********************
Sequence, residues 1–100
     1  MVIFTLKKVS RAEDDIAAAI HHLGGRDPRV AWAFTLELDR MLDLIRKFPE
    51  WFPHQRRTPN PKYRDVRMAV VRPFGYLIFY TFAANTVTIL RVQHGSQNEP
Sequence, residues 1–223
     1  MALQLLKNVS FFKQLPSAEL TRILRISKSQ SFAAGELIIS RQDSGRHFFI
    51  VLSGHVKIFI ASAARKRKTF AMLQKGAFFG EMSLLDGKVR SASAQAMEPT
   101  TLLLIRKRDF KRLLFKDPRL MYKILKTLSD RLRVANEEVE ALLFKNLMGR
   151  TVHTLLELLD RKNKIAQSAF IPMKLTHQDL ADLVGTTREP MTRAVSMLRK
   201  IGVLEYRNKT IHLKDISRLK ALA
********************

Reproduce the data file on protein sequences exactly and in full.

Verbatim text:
Sequence, residues 1–100
     1  MVIFTLKKVS RAEDDIAAAI HHLGGRDPRV AWAFTLELDR MLDLIRKFPE
    51  WFPHQRRTPN PKYRDVRMAV VRPFGYLIFY TFAANTVTIL RVQHGSQNEP
Sequence, residues 1–223
     1  MALQLLKNVS FFKQLPSAEL TRILRISKSQ SFAAGELIIS RQDSGRHFFI
    51  VLSGHVKIFI ASAARKRKTF AMLQKGAFFG EMSLLDGKVR SASAQAMEPT
   101  TLLLIRKRDF KRLLFKDPRL MYKILKTLSD RLRVANEEVE ALLFKNLMGR
   151  TVHTLLELLD RKNKIAQSAF IPMKLTHQDL ADLVGTTREP MTRAVSMLRK
   201  IGVLEYRNKT IHLKDISRLK ALA